29. 29. Relevance of CGRatings Corporate Governance CG Ratings… Criteria Rights and duties of shareholders assesses the position of a shareholder in a company in terms of rights and obligations Range of takeover defences shows an objective mathematical approach for checking the probability to resist a hostile bid Disclosure on corporate governance assess the level of transparency on a company’s corporate governance Board structure and function assesses the accountability, independence and functioning of the governing bodies
  30. 30. GoodCG Rating Vs.WeakCG Rating improves profits and increases company valuations greater access to financing lower cost of capital better performance more favourable treatment of all stakeholders poor firm performance risky financing patterns makes firms susceptible to macroeconomic crises
  31. 31. Shareholders (Majority and Minority) Majority Shareholders • Tounderstand how management is promoting the interests of the shareholders. • Tounderstand the relative degree of transparency at a firm • Toguide existing and new investments: both strategic and portfolio investment Minority Shareholders • Toappreciate how management treats minority shareholders vis- à-vis majority Creditors (Counterparties, Investors, Lenders) • Touse as a guide or as conditionality for lending decisions • Tounderstand how management promotes the interests of financial stakeholders • Toguide rollover or new lending decisions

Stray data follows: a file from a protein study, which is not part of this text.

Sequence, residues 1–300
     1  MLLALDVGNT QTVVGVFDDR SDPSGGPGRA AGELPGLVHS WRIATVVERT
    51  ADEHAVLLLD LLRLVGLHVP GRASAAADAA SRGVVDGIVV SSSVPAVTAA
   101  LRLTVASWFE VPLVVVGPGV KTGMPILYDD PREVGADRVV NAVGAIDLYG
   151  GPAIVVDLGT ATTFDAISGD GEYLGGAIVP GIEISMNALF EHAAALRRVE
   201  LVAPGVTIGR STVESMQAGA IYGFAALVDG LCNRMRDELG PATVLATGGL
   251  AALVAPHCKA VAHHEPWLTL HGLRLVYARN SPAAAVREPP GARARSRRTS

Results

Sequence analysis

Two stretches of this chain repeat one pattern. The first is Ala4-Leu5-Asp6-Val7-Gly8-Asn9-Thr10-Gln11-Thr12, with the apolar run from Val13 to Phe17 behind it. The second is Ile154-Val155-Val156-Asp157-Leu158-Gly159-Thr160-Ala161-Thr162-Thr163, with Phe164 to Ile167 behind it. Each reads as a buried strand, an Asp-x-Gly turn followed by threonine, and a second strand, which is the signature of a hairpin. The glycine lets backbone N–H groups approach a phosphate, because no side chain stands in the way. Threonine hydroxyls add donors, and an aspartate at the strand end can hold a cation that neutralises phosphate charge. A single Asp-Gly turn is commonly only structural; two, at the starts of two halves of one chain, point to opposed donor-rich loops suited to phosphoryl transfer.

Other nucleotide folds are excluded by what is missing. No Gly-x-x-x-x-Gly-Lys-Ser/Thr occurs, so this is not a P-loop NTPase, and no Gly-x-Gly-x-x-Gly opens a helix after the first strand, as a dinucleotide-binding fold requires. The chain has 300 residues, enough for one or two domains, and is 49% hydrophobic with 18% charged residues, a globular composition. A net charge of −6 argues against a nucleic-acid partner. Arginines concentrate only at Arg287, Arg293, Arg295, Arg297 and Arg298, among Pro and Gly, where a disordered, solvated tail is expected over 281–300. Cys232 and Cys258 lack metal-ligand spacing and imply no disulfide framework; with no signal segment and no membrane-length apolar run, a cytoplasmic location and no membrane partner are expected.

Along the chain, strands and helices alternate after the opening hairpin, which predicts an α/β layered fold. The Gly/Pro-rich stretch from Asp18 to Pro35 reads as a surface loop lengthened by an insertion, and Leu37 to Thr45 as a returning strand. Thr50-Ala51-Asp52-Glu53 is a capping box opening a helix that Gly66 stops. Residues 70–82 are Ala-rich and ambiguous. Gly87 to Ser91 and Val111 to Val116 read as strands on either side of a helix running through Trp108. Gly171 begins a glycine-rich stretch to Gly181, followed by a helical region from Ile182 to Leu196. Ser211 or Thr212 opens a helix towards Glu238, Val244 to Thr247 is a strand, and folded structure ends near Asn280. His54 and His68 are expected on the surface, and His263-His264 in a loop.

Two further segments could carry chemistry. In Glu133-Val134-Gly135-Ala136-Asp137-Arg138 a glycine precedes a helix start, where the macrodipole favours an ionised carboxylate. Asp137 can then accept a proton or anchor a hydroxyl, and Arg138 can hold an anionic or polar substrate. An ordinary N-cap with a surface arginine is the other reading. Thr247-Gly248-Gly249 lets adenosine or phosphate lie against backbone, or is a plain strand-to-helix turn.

32. 32. Board Directors • Tounderstand the relative standing of existing governance practices as a form of self assessment • Touse as benchmarks for improvement • Toreduce directors’ liability insurance premia • Toprovide additional information to attract new directors to join the board • Tohelp orient new directors about a company’s governance processes Managers • Tounderstand the relative standing of existing governance practices • Touse as benchmarks for improvement • Tocommunicate governance standards as an investor relations tool (annual reports, websites, advertising, etc)
  33. 33. AGENDA Introduction to CGR CGR Agencies CGR Relevance CGR Criticisms Conclusion
  34. 34. CGR Criticisms How reliable is the underlying theory of CG, in particular the relation between good CG practices and higher performance? Are the cultural and contextual differences between companies, taken into consideration by CGR agencies? There is a correlation between the different ratings system?
  35. 35. CGR Criticisms –CGR &Stock value Good governance practices Higher stock value Focus on short or long-term stock performance? There is an ideal time frame?
  36. 36. CGR Criticisms – Definitionof ´´good´´Governance What is ´´good´´ Governance? How should factors be weighted? What factors constitute good Governance?
  37. 37. CGR Criticisms – Ratings´value The value of the ratings were confirmed by studies sponsored by CGR agencies Little correlation among the different rating agencies ISS changed recently it´s rating system Uniform scale for assessing a firm´s governance CGR have either limited or no success in predicting firm performance
  38. 38. AGENDA Introduction to CGR CGR Agencies CGR Relevance CGR Criticisms Conclusion
  39. 39. Conclusion How reliable is the underlying theory of CG, in particular the relation between good CG practices and higher performance? Not 100% reliable. Are the cultural and contextual differences between companies, taken into consideration by CGR agencies? No, they are not. There is a correlation among the different ratings system? Recent studies showed small correlation.